A quartet of deliciously creative non-meat dishes
There was a time when vegetarian food was a mere afterthought for restaurants. But with increasingly more people opting for plant-based choices that are mindful of health, environmental concerns and animal welfare, we’ve happily moved past those dark ages. These days, high-end restaurants, pizza chains and even sports bars offer vegetarian fare to tempt the most hardcore carnivore. Creativity and top-notch ingredients take center stage in these four favorite vegetarian options that put the “ate” in creative.
Trolley Wing Co.
Vegan wings $9.99
The relocation of the popular sports bar Trolley Wing Co. from Trolley Square to Sugar House brought a new clientele hungry for an alternative to chicken wings. “When we moved to Sugar House, we decided to give the vegan wings another shot on the menu. We sell so many vegan wings now—people come from all over to eat them,” owner Jeff Krie says. Served alongside fresh carrot and celery sticks with a side of vegan ranch, the toothsome morsels of mock meat come slathered in a variety of vegan-friendly sauces from sweet-and-tangy teriyaki to smoky ancho. Beer from Uinta Brewing is on tap for a perfect pairing.
Trolley Wing Co.
2148 S. 900 East, SLC
Jerusalem artichoke $10
If anyone takes vegetables seriously, it’s the chefs at Table X. An onsite culinary garden provides seasonal inspiration as well as fresh ingredients. Succulent and flavorful, the Jerusalem artichoke appetizer embodies Table X’s love and care of veggies. The flavor is earthy and smoky, while the presentation is stunning. We asked Nick Fahs, one of the three chefs and co-owners of Table X, about the dish. “Gently cooked Jerusalem artichokes are smoked and then served with a purée made from sunflower seeds and sunflower sprouts,” he says. “We garnish the dish with sunflower sprouts, champagne vinegar and maldon salt.” It’s as artful an artichoke as you’ll ever find.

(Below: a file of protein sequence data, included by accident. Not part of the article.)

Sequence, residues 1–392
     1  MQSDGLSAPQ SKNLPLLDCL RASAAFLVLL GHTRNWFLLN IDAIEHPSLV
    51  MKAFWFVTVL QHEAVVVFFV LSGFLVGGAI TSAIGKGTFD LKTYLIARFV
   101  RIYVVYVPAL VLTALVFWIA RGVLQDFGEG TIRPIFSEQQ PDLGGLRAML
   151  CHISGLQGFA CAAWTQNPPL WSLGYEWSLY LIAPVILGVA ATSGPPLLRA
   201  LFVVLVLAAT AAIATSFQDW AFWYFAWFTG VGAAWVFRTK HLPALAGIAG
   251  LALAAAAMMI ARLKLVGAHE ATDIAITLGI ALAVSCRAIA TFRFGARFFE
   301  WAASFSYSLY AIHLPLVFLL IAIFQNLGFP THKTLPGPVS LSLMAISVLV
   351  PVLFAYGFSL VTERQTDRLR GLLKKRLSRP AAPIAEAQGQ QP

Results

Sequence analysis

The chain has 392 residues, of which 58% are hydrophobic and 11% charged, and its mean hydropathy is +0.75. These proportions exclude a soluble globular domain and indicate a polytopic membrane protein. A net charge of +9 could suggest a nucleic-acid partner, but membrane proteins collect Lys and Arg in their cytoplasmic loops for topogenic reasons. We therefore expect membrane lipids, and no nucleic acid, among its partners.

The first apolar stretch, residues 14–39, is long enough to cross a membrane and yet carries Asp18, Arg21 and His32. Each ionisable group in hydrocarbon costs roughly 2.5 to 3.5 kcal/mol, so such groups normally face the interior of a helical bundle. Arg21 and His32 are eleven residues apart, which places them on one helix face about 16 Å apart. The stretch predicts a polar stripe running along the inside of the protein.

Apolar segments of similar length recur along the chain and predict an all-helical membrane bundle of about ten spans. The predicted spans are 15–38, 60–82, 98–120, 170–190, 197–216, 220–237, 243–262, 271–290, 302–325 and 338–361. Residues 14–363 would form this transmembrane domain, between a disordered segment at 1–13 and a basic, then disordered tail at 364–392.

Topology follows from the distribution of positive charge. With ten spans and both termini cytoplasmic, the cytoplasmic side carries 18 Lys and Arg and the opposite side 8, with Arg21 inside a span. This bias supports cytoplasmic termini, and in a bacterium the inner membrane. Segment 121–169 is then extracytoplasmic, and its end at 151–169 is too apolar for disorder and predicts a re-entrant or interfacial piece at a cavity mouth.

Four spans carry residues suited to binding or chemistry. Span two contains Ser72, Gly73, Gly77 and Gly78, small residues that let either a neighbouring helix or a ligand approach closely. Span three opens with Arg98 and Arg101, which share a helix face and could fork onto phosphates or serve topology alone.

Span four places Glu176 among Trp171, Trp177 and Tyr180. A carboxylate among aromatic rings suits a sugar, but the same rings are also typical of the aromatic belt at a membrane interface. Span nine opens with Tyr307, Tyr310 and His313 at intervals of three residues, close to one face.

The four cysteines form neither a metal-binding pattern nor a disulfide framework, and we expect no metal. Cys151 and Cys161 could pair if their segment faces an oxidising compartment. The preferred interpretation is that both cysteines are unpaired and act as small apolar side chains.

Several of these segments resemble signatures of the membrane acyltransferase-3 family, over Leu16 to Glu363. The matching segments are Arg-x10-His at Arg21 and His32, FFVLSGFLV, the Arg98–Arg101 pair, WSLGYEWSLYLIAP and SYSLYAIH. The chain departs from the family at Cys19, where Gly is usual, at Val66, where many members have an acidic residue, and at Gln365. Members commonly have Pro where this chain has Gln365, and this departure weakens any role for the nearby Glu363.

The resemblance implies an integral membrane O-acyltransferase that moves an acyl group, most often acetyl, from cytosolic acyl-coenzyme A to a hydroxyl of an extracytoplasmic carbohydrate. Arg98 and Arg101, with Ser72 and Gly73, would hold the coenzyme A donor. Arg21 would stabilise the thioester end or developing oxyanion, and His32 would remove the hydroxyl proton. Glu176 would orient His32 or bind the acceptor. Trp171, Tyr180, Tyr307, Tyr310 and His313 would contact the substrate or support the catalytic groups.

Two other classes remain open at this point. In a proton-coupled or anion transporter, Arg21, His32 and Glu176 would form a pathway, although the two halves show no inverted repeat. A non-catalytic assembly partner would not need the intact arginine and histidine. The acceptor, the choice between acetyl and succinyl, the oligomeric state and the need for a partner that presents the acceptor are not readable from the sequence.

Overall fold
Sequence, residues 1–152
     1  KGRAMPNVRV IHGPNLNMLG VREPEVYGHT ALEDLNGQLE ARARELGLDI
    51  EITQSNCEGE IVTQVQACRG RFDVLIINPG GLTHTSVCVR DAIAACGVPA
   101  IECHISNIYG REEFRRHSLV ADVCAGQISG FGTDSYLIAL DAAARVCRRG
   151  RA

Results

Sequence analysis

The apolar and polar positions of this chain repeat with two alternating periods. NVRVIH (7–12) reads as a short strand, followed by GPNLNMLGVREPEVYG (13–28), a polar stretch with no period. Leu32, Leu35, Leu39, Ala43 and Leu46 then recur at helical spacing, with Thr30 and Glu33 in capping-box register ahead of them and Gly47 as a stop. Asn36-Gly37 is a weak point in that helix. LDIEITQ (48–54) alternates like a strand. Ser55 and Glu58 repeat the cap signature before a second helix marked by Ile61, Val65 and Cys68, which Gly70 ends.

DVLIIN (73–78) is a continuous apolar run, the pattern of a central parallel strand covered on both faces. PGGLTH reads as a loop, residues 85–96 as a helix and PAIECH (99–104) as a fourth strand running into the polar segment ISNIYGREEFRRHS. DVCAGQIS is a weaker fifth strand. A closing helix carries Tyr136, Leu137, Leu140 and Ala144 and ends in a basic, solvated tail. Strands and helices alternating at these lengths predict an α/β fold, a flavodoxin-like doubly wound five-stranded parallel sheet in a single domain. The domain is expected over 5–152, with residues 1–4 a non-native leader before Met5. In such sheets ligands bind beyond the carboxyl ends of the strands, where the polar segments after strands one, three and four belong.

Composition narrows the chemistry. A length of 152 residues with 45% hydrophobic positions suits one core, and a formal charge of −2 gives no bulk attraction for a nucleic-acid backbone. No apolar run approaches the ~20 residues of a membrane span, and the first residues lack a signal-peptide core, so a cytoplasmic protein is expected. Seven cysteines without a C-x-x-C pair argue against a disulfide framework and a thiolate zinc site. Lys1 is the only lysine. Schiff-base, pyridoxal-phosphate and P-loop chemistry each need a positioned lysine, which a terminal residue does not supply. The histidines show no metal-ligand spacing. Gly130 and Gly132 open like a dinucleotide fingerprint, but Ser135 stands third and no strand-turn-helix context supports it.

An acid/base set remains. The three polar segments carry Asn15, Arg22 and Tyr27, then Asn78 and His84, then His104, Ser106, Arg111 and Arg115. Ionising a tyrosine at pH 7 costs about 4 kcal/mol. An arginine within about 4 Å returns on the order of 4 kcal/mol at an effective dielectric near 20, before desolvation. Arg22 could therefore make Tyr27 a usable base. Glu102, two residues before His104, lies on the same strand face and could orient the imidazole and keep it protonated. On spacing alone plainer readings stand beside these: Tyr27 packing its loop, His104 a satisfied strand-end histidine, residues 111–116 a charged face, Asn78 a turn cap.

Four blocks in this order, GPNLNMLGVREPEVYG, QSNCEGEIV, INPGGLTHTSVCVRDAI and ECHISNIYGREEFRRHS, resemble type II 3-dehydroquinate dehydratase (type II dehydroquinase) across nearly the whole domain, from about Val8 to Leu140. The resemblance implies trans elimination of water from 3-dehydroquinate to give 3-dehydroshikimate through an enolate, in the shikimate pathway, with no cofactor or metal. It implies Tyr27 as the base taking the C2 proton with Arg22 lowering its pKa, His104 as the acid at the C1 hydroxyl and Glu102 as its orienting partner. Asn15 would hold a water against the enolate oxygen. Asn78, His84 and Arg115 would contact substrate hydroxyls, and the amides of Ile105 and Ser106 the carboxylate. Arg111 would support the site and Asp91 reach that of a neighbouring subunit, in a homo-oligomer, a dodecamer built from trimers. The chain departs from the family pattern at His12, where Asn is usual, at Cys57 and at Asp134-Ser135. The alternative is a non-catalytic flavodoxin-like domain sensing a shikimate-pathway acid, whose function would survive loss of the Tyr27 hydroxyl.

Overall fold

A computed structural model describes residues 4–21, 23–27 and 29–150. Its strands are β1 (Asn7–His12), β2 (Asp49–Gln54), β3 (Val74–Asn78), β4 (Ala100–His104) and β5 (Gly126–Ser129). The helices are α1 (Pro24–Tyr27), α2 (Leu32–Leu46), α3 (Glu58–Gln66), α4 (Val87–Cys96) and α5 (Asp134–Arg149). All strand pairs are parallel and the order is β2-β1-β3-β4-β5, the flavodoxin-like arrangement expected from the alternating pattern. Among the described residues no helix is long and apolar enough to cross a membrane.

1457 E. 3350 South, SLC
vegan pizza $7.95
Boasting delectable toppings like artichokes, arugula, Kalamata olives and roasted garlic, Blaze Pizza is making a great impression with pizza fanatics—vegans, vegetarians and omnivores alike. “Our mission at Blaze is really simple: We’re taking pizza back to its roots,” President and COO Jim Mizes says. “By making dough in-house, carefully sourcing ingredients and cooking by fire, we’re giving guests a great way to enjoy artisanal pizza without the wait. It’s changing the way people think about and eat pizza.” Opt for the Veg Out loaded with zucchini, mushrooms, red onions, mozzarella and gorgonzola, or make your own creation with vegan cheese that melts, stretches and tastes like the real thing. Speedy service (you can even order online!), low prices and pizza perfection—what more can you ask for?
Korean fried cauliflower $12
Cauliflower is having its moment, showing up on menus throughout the country and being touted as one of the biggest food trends of 2017. We’re especially fond of Log Haven’s rendition with crushed peanuts, scallions and a sweet-and-spicy glaze that is like nothing else. “It’s a twist on the cauliflower craze, only done with the Gochujang sweet-and-spicy sauce,” Chef David Jones says. “Gochujang is a fermented Korean chile paste, which adds a savory and spicy base to the sauce.” The Korean fried cauliflower is offered as a shared plate, serving 2-4 people but it’s tempting to keep it all to yourself. We won’t judge.
6451 E. Millcreek Canyon Road, SLC